Academic Studies in Social, Human and Administrive Sciences
Hiç, Fatma Özlen
MetadataShow full item record
In this Chapter, we will first review the historical developments leading to the birth of Post-Keynesian Economics and then give the developments of Post-Keynesian Economics in terms of their assumptions and methodology, later on we will discuss the current state of Post-Keynesian Economics.Post-Keynesian school of macroeconomics was developed in the mid ‘80s as a reaction not only against New Classicals but also against New Keynesian economists because the assumptions and hence conclusions of the latter were not deemed Keynesian enough. Keynesian Economics was mainstream both in the USA and Europe, both in academic circles and in the field of implementation by governments and Central Banks from 1936 and WW II up to the ‘70s. The debate that took place during this period between Neo-Keynesian economists in the USA and Neo-Classical economists that led to the Neo-Classical Synthesis and the reaction of Orthodox Keynesian Economists in the UK to Neo-Classical Synthesis will be referred to later. Keynesian economics here embraces both Neo-Keynesian economists and Orthodox Keynesian economists as mainstream against the Traditional Classical and the Neo-Classical system.Developments in the ‘80s were called “Counter Revolution”, reversing what Lawrence Klein in 1961 had called “Keynesian Revolution”. Though M. Friedman had laid the foundations of Monetarism during the fifties it had remained a minority voice then and had become widespread also during the ‘70s in the US academic circles; it also found adherents in the UK and Europe. This event was called the “Monetarist Counter-Revolution” by Monetarists. Thus, during the ‘70s though Keynesian macroeconomic policies were implemented low-key, Keynesian economics was on the demise and no more mainstream in the academic circles.During the decade ‘80s economic policies began to be pursued that were in line with New Classicals and particularly Monetarists both in the USA and Europe by conservative governments that had come to power, foremost Ronald Reagan during 1981-89 and Margaret Thatcher during 1979-87.Thus, government budgets began to shrink, and privatization programs were implemented in Europe. Despite the presence of high unemployment rates “tight money policy” was implemented. It assumed that the economy would automatically come to full-employment equilibrium (AFNE), or using the concept first introduced by Friedman, at the point of natural rate of unemployment (NRU), meaning automatic NRU equilibrium (ANRUE). To achieve price stability along with ANRUE, therefore, Keynesian policies of raising aggregate demand, including monetary expansion had to be discarded, and Monetarist tight money policy implemented instead. But the proposition of ANRUE claimed by both New Classicals and Monetarists did not materialize; unemployment persisted and even increased during the ‘80s. The failure of New Classical and Monetarist policies made Keynesianism mainstream once again in the academic circles and this movement was called “Counter Counter-Revolution” (Blinder 1988, Mankiw, 1990).But criticisms coming from both Monetarists and particularly New Classicals forced fundamental methodological and assumptive changes in Keynesianism since the ‘80s. The school that emerged in the USA is called “New Keynesian Economics”. A brief review of these changes is highlighted below. But we should take the criticisms coming from Monetarists first both because of historical and methodological reasons.Friedman used Keynesian concepts and basically Keynesian macroeconomic analysis but with different elasticities and assumptions leading to the Classical conclusion AFNE, or in Friedman’s terms, ANRUE.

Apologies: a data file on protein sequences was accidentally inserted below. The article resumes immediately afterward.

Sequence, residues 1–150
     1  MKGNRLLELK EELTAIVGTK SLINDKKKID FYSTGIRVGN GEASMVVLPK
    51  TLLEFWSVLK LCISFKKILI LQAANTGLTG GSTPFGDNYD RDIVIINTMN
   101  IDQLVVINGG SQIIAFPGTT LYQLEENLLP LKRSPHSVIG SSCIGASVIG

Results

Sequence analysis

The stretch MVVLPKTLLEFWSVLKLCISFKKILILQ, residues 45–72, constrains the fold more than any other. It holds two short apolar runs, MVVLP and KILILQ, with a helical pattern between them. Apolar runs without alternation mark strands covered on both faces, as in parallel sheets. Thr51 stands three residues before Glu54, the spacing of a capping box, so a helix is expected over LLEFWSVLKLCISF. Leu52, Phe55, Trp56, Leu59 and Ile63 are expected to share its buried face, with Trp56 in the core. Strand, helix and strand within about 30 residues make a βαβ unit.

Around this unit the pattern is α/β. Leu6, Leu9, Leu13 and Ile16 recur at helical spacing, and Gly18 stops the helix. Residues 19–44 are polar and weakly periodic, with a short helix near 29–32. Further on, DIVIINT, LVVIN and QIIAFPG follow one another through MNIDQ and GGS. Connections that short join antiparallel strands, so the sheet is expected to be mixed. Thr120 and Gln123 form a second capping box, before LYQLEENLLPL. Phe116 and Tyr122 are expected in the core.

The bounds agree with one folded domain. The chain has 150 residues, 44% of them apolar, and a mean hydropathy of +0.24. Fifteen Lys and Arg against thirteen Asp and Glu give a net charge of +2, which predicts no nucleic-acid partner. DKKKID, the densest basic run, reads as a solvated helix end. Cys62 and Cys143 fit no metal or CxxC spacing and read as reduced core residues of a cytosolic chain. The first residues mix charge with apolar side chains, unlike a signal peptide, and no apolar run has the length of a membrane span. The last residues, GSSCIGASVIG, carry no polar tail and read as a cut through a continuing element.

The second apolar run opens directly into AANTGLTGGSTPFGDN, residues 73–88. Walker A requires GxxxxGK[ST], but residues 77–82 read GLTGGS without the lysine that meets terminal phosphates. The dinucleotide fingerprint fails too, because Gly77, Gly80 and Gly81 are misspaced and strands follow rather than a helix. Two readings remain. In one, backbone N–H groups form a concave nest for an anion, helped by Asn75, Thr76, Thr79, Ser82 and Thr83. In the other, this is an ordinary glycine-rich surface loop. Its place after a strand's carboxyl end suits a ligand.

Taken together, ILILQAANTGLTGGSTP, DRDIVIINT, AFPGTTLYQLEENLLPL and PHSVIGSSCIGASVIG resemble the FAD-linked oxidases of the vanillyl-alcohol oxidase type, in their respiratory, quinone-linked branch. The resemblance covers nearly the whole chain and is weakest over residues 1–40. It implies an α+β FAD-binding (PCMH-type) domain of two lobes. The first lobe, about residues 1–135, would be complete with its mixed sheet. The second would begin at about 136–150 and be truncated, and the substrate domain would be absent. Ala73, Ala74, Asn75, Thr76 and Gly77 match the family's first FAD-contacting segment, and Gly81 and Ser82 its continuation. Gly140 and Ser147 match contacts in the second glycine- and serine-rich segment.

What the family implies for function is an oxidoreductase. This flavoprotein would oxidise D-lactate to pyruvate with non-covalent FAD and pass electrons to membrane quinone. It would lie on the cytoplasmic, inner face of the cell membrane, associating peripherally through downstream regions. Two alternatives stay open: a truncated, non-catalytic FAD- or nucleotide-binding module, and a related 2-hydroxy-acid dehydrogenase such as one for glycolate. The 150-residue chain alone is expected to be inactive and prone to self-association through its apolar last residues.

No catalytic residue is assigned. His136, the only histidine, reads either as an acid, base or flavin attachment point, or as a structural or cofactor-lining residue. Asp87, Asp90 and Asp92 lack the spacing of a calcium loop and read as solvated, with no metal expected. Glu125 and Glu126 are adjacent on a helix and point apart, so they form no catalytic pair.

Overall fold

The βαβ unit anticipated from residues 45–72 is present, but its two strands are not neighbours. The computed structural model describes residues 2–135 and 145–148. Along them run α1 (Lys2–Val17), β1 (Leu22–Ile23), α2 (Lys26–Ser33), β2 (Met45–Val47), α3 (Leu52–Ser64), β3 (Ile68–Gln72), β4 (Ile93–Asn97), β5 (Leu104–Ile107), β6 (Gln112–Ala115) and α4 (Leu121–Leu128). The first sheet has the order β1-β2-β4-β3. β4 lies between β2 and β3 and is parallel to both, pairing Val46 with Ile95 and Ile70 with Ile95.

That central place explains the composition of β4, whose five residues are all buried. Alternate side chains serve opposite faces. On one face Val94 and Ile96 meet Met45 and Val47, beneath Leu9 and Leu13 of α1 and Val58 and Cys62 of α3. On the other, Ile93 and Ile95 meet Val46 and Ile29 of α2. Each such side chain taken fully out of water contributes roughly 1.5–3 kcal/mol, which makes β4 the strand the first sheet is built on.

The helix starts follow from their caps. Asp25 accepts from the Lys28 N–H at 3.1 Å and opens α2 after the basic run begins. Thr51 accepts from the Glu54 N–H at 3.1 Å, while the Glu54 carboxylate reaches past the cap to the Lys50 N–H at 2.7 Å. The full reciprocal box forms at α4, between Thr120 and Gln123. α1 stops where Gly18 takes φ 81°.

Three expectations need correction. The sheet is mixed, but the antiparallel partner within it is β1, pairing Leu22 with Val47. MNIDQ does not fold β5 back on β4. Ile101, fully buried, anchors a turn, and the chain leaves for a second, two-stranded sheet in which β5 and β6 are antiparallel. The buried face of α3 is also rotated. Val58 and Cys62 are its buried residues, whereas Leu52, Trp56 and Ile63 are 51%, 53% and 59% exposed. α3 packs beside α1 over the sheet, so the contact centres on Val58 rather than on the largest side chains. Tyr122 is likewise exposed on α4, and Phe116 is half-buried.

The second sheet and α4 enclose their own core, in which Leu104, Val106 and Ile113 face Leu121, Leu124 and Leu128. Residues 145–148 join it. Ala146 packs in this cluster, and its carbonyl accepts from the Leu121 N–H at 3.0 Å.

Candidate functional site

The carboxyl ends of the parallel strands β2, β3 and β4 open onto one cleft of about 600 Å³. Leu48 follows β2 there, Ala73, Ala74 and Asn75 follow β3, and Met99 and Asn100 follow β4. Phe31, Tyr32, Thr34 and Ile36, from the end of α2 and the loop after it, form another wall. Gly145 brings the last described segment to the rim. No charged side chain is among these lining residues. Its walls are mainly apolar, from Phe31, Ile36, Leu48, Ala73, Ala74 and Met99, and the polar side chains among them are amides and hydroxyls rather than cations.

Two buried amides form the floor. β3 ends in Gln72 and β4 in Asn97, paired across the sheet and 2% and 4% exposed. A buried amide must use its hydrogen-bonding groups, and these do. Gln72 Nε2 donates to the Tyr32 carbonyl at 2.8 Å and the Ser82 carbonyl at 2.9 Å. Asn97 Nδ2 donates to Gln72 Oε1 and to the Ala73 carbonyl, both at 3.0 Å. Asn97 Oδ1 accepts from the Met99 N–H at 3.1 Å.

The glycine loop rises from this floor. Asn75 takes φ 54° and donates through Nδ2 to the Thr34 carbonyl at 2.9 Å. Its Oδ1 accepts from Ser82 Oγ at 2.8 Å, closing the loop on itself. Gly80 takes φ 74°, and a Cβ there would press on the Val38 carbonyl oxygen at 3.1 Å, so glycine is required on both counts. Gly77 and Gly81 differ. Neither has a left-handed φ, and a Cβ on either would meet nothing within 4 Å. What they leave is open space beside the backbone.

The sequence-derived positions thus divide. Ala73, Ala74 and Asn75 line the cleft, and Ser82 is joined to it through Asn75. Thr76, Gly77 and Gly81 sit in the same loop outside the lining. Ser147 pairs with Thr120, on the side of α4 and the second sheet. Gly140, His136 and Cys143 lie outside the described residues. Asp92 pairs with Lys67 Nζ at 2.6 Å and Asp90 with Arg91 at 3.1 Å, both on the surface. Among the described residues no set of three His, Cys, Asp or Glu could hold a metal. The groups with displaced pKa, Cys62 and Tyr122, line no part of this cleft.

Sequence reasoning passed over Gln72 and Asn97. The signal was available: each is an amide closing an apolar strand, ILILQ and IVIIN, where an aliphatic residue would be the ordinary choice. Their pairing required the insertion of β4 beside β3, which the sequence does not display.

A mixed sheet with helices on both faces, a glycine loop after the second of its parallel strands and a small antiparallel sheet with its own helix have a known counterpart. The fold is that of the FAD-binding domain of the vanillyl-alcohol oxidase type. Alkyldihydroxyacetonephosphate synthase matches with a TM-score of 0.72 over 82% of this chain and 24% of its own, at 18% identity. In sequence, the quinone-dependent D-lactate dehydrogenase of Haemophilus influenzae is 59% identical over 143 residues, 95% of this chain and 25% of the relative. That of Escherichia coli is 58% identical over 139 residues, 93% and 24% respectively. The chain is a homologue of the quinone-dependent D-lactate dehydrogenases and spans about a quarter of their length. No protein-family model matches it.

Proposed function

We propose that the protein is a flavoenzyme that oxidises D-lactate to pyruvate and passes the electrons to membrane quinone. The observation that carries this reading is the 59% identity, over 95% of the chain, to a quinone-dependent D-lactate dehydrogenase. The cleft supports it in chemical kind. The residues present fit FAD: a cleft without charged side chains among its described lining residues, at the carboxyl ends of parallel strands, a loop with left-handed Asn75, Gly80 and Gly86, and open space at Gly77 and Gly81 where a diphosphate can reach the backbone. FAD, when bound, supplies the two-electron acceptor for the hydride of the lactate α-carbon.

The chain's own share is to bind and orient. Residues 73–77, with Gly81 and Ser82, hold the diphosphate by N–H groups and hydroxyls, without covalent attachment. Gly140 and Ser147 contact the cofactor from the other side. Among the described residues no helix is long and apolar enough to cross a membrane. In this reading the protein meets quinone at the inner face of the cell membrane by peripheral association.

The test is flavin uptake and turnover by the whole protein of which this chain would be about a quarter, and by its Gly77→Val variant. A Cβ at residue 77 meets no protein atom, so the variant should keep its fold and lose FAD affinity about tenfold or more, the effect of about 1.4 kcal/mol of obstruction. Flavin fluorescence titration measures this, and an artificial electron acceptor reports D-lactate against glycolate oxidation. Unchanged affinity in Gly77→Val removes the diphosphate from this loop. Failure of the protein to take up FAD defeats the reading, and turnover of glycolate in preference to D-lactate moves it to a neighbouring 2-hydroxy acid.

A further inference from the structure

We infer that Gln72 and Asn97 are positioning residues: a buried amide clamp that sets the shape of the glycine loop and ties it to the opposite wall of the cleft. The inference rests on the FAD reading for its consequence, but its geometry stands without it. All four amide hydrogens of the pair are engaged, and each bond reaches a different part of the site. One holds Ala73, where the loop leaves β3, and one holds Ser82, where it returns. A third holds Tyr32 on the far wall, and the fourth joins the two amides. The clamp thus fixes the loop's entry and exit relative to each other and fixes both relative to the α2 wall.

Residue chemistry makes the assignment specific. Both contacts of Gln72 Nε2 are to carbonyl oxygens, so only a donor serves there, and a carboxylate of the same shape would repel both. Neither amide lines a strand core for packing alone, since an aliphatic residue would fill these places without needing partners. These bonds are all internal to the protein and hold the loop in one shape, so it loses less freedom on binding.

- Kitapta Bölüm